The Nobel Peace Prize nominee and internationally bestselling author shares the tools and power for overcoming anger. It was under the bodhi tree in India twenty-five centuries ago that Buddha achieved the insight that three states of mind were the source of all our unhappiness: ignorance, obsessive desire, and anger. All are equally difficult, but in one instant of anger, lives can be ruined, and our spiritual development can be destroyed. Twenty-five hundred years after the Buddha's enlightenment, medical science tells us that the Buddha was right: anger can also ruin our health. It is one of the most powerful emotions and one of the most difficult to change. Thich Nhat Hanh offers a fresh perspective on taking care of our anger as we would take care of a crying baby-picking it up, talking quietly to it, probing for what is making the baby cry. Laced with stories and techniques, Anger offers a wise and loving look at transforming anger into peace and for bringing harmony and healing to all the areas and relationships in our lives that have been affected by anger.
In an age of road rage, Americans would do well to cool down with prolific Buddhist monk Hanh (Living Buddha, Living Christ). There is plenty in this small volume worth skipping, such as Hanh's tedious call for "Healing the Wounded Child Within." And some of his advice is banal (e.g., if a husband is angry at his wife, he should tell her). But some of Hanh's suggestions cut refreshingly against the grain. He dissents, for example, from the popular therapeutic wisdom to "express our anger": when we beat a pillow to get rid of our feelings, he insists we are merely "rehearsing" our anger, not "reducing" it. Hanh reminds us that anger begins and ends with ourselves we may feel that we are mad at our wife or son, but really we are the direct objects of our rage. Hanh doesn't limit his task to discussing anger between families and friends; he also deals with anger among countries and between citizens and governments. That expansive vision is not surprising (Hanh, after all, is a Nobel Peace Prize nominee) but it is refreshing, lifting this book out of the self-absorbed self-help pile. Like Hanh's other books, this is not weighed down with Buddhist terminology. The appendices, which contain meditations designed to help release anger, give it the specifically Buddhist spice that some readers will appreciate. The meat of the book, however, will be accessible to a broad, ecumenical audience. (Sept.) Copyright 2001 Cahners Business Information. -- PUBLISHERS WEEKLY.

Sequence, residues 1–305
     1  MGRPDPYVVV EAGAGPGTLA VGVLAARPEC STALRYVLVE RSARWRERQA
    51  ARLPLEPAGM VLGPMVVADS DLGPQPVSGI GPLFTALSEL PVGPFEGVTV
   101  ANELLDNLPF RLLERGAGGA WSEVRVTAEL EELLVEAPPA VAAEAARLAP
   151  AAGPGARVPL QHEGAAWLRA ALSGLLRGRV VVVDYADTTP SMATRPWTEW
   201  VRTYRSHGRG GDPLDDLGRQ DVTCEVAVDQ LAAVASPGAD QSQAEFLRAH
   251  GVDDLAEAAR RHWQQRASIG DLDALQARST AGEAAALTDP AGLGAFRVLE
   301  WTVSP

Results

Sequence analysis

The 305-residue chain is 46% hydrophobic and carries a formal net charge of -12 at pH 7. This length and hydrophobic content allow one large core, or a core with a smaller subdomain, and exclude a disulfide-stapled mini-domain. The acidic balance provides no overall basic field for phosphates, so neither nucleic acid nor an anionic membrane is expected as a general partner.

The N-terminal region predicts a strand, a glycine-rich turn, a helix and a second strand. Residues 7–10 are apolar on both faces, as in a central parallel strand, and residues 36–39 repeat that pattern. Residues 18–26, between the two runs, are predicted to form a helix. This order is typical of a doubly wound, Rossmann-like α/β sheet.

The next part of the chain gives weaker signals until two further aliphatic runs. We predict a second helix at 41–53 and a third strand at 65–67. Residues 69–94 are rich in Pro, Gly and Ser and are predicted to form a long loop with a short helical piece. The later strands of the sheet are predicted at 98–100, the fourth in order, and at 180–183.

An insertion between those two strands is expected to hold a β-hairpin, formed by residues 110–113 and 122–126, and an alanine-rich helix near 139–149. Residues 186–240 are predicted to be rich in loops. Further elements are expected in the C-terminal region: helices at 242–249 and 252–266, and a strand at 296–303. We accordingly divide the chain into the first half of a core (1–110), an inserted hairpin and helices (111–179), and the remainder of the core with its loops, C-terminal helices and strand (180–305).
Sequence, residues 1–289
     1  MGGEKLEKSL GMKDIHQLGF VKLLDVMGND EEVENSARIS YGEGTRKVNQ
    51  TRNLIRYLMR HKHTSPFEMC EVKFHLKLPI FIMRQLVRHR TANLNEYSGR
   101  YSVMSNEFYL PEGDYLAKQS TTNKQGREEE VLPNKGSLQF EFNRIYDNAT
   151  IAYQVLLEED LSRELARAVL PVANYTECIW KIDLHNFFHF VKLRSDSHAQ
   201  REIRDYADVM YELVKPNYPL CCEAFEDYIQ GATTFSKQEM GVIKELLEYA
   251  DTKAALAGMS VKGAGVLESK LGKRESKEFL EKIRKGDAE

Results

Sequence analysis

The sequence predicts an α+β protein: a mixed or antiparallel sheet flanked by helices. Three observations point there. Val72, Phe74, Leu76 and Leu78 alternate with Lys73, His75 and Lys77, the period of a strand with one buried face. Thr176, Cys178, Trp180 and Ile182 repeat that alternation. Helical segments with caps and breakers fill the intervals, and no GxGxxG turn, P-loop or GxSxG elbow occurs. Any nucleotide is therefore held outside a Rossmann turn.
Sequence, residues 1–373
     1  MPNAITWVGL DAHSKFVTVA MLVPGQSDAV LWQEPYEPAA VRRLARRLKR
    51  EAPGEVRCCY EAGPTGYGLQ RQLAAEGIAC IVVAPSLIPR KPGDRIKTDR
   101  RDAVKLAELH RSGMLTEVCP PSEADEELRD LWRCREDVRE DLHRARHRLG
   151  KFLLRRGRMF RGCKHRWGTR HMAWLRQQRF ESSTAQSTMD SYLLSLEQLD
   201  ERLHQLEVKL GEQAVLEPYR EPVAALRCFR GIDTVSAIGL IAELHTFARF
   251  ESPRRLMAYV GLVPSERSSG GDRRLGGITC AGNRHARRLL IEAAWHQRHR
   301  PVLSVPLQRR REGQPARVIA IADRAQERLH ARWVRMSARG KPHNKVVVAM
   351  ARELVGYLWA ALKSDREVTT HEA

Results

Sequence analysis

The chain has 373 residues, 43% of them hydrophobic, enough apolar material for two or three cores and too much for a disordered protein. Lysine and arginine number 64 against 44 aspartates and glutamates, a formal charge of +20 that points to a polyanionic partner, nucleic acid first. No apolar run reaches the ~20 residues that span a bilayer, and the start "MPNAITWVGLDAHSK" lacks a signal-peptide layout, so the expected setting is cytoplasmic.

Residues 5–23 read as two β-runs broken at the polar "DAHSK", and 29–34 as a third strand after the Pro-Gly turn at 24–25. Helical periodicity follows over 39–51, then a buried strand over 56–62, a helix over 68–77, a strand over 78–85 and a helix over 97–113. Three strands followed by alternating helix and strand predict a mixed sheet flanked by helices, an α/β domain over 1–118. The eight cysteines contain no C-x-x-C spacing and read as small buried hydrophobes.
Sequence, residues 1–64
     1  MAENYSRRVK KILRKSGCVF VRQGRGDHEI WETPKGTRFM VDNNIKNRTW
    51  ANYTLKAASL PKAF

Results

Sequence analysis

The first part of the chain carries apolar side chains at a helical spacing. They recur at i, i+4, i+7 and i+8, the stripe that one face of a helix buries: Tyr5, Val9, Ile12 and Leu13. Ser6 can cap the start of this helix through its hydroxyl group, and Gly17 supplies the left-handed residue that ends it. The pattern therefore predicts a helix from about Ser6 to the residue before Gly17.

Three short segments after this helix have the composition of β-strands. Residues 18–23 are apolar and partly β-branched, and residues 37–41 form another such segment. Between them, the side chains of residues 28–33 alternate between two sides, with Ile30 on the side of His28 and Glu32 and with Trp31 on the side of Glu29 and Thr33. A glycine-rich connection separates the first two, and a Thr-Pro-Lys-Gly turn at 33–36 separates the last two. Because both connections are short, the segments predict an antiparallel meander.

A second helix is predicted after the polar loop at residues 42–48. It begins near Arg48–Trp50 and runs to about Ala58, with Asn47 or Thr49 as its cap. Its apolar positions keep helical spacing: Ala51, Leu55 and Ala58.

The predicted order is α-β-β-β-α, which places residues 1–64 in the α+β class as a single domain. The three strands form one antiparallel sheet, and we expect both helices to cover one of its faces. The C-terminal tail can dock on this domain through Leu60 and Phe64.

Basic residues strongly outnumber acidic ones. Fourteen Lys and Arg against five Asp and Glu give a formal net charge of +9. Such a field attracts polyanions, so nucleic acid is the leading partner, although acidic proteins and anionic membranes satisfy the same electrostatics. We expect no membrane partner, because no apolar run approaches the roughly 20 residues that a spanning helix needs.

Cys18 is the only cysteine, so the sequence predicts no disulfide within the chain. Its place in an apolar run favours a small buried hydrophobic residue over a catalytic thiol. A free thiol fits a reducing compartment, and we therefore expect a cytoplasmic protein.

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September 08, 2001
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Excerpt from Anger by Thich Nhat Hanh
To be happy, to me, is to suffer less. If we were not capable of transforming the pain within ourselves, happiness would not be possible.
Many people look for happiness outside themselves, but true happiness must come from inside of us. Our culture tells us that happiness comes from having a lot of money, a lot of power, and a high position in society. But if you observe carefully, you will see that many rich and famous people are not happy. Many of them commit suicide.
The Buddha and the monks and nuns of his time did not own anything except their three robes and one bowl. But they were very happy, because they had something extremely precious -- freedom.
According to the Buddha's teachings, the most basic condition for happiness is freedom. Here we do not mean political freedom, but freedom from the mental formations of anger, despair, jealousy, and delusion. These mental formations are described by the Buddha as poisons. As long as these poisons are still in our heart, happiness cannot be possible.
In order to be free from anger, we have to practice, whether we are Christian, Muslim, Buddhist, Hindu, or Jewish. We cannot ask the Buddha, Jesus, God, or Mohammed to take anger out of our hearts for us. There are concrete instructions on how to transform the craving, anger, and confusion within us. If we follow these instructions and learn to take good care of our suffering, we can help others do the same.